Halfway around the globe, American servicemen are in action every day. They’re in the air and on the ground, carrying out missions aimed at tracking down members of al Qaeda and eliminating Afghanistan’s longtime rulers, the Taliban. They are putting their lives on the line, and the country wishes them Godspeed.
But there’s another, less heralded, group of people who are also risking their lives in Afghanistan. They’re journalists, and since the war started in October, eight have been killed in the line of duty. They go where the fighting is, so that the rest of us can know what’s going on.
Their up-close view is often much different from what we’re seeing here at home. For example, in the early days of the bombing offensive, plenty of pundits warned it might turn ordinary Afghan citizens against us. In the October 31 New York Times, R.W. Apple wrote that, “American bombs falling on civilian targets will not win Afghan "hearts and minds."” On October 23, Senate Foreign Relations Committee Chairman Joseph Biden (D-Del) cautioned that the offensive might make the U.S. look like a, “high-tech bully. Every moment it goes on, it makes the aftermath problems more severe.”
Because there are reporters on the ground, we know these predictions were wrong. We’ve seen sweeping military success. And as the Northern Alliance advanced, journalists went with them. They brought us pictures of people dancing in the streets for joy. Men shaving off their beards. Women removing their burqas. Citizens celebrating their freedom from the Taliban and praising America’s role.
American military officials told us the bombing campaign was focused on eliminating Taliban strongholds. Having journalists inside Afghanistan confirmed that. And while those journalists reported that some bombs went astray and killed civilians, they’ve also shown that overall the bombing has been remarkably accurate, and that despite some causalities, the Afghan people have supported the bombing campaign.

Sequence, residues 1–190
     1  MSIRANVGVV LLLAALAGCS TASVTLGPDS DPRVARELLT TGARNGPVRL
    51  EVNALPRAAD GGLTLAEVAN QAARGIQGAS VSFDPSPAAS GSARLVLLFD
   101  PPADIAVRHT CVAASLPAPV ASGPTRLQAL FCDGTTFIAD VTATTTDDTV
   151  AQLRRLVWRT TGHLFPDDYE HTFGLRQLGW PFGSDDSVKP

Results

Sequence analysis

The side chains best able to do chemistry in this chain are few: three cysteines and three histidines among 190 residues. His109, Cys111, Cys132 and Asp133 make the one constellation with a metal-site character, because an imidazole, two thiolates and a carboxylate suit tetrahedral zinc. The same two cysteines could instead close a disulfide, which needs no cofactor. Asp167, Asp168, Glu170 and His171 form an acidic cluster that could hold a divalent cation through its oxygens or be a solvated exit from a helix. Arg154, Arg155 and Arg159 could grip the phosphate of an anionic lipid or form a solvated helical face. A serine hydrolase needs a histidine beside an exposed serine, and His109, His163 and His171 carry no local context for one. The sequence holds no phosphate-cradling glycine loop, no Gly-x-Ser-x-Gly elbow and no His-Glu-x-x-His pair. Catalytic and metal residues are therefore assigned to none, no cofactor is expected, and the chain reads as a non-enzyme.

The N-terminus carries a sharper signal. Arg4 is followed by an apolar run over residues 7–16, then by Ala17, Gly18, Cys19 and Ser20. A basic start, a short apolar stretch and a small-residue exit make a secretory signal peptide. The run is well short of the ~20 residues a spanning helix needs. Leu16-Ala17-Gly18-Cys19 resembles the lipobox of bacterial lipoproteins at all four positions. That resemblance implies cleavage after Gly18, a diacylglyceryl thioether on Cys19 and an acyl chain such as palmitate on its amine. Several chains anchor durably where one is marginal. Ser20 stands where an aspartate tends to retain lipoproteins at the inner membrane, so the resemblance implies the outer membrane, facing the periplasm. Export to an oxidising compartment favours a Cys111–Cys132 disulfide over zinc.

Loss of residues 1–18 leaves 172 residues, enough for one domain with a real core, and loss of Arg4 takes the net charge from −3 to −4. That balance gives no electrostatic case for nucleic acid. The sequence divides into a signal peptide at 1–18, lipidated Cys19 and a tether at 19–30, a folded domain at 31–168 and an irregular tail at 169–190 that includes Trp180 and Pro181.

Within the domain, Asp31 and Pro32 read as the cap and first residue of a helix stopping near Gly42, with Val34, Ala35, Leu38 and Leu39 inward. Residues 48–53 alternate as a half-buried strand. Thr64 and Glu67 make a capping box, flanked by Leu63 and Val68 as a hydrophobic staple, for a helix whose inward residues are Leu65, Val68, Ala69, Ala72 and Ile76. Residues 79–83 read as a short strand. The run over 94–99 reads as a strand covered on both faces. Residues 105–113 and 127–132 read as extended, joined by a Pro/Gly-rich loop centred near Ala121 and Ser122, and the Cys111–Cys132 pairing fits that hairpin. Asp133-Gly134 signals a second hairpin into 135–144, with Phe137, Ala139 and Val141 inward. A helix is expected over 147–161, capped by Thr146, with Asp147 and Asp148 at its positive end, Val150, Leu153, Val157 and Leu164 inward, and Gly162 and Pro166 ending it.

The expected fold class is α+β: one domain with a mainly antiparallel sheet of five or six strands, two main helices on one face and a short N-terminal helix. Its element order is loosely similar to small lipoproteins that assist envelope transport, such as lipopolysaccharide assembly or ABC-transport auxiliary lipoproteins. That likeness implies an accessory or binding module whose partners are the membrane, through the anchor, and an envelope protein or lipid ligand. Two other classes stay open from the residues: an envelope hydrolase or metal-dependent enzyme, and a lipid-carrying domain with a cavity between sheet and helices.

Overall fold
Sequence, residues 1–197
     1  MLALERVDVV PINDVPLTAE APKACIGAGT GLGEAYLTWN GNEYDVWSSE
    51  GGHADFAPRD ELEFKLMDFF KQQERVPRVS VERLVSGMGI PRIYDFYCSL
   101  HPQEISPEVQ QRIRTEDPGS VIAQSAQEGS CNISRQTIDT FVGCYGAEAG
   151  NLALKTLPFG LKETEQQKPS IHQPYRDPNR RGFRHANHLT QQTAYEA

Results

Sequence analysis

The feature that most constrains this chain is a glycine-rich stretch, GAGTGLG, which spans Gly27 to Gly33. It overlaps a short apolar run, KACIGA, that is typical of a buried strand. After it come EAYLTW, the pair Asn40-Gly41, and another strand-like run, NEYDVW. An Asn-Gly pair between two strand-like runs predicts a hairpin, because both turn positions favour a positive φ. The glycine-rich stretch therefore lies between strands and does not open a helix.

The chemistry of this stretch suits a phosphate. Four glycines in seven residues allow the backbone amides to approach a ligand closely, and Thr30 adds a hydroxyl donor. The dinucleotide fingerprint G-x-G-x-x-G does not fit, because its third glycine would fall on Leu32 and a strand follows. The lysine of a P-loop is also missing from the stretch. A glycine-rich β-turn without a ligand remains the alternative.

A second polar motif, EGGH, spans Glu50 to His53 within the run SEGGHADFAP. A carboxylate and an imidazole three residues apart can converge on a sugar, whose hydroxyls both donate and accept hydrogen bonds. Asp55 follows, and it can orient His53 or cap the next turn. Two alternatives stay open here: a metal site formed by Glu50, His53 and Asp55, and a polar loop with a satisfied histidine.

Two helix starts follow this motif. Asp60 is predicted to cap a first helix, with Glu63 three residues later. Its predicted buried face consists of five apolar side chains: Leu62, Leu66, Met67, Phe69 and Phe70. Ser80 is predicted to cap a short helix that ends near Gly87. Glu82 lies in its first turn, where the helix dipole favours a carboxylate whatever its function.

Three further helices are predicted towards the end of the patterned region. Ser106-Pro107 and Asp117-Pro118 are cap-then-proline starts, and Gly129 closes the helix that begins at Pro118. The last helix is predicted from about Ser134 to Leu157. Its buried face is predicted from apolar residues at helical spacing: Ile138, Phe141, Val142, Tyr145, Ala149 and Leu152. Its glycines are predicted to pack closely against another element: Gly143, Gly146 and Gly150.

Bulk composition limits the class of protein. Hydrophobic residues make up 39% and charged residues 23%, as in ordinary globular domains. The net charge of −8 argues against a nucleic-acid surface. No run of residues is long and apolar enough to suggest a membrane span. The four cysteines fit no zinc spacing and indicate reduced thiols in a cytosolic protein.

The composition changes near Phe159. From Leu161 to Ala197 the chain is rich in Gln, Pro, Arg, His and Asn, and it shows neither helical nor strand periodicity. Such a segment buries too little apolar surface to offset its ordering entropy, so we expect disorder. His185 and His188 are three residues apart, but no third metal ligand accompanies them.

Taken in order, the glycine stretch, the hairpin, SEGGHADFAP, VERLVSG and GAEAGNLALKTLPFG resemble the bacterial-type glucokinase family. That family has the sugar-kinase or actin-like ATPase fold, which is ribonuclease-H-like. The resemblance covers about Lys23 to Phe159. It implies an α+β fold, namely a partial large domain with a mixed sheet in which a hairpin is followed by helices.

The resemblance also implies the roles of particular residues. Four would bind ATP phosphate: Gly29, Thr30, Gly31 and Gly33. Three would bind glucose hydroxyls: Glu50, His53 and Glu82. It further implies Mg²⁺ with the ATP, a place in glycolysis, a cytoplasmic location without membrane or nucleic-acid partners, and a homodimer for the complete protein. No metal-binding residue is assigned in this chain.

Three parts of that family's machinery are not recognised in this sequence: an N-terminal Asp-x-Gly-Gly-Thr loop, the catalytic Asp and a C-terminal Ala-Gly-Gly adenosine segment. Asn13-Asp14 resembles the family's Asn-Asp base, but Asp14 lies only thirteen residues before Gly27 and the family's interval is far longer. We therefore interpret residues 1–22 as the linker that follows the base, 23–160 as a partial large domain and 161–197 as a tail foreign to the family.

Those reporters and photographers face untold danger every day by remaining inside Afghanistan. Three journalists were killed earlier this month while riding on a Northern Alliance tank. Another four died after they were ambushed on the road from Jalalabad to Kabul. And a Swedish television cameraman was killed on Tuesday by gunmen who had broken into a house he shared with other journalists.
That most recent incident caused several media outlets -- including the BBC and Reuters -- to withdraw their reporters from northern Afghanistan. The Associated Press and the Washington Post also said their reporters intended to leave. But history shows the journalists will be back before long.
During the Gulf War in 1991, CBS correspondent Bob Simon and his three man crew were trying to uncover some news that wasn’t screened by government censors. They were captured on the Iraqi side of the Saudi Arabian border, and spent the next 40 days in prison. Simon was called a spy, and was frequently beaten by his captors. Despite the experience, Simon remained eager to go where the action is. He has since reported from several other war zones – including Sarajevo during the Bosnian civil war.
Of course, war correspondents aren’t the only journalists who are facing danger. On November 23, a spokesman for Zimbabwe’s President Robert Mugabe warned foreign journalists they could be treated as terrorists because of their reporting about the indiscriminate beating of white Zimbabweans. The warning was a veiled threat that the journalists should follow the government’s line, or face harsh consequences.
Because the Founding Fathers gave us the First Amendment guarantee of freedom of the press, Americans don’t have to worry about that kind of censorship, and journalists here don’t have to fear for their lives. But the case is another reminder of the risks many journalists are taking in order to practice their craft and keep us informed. We owe all of them a debt of gratitude.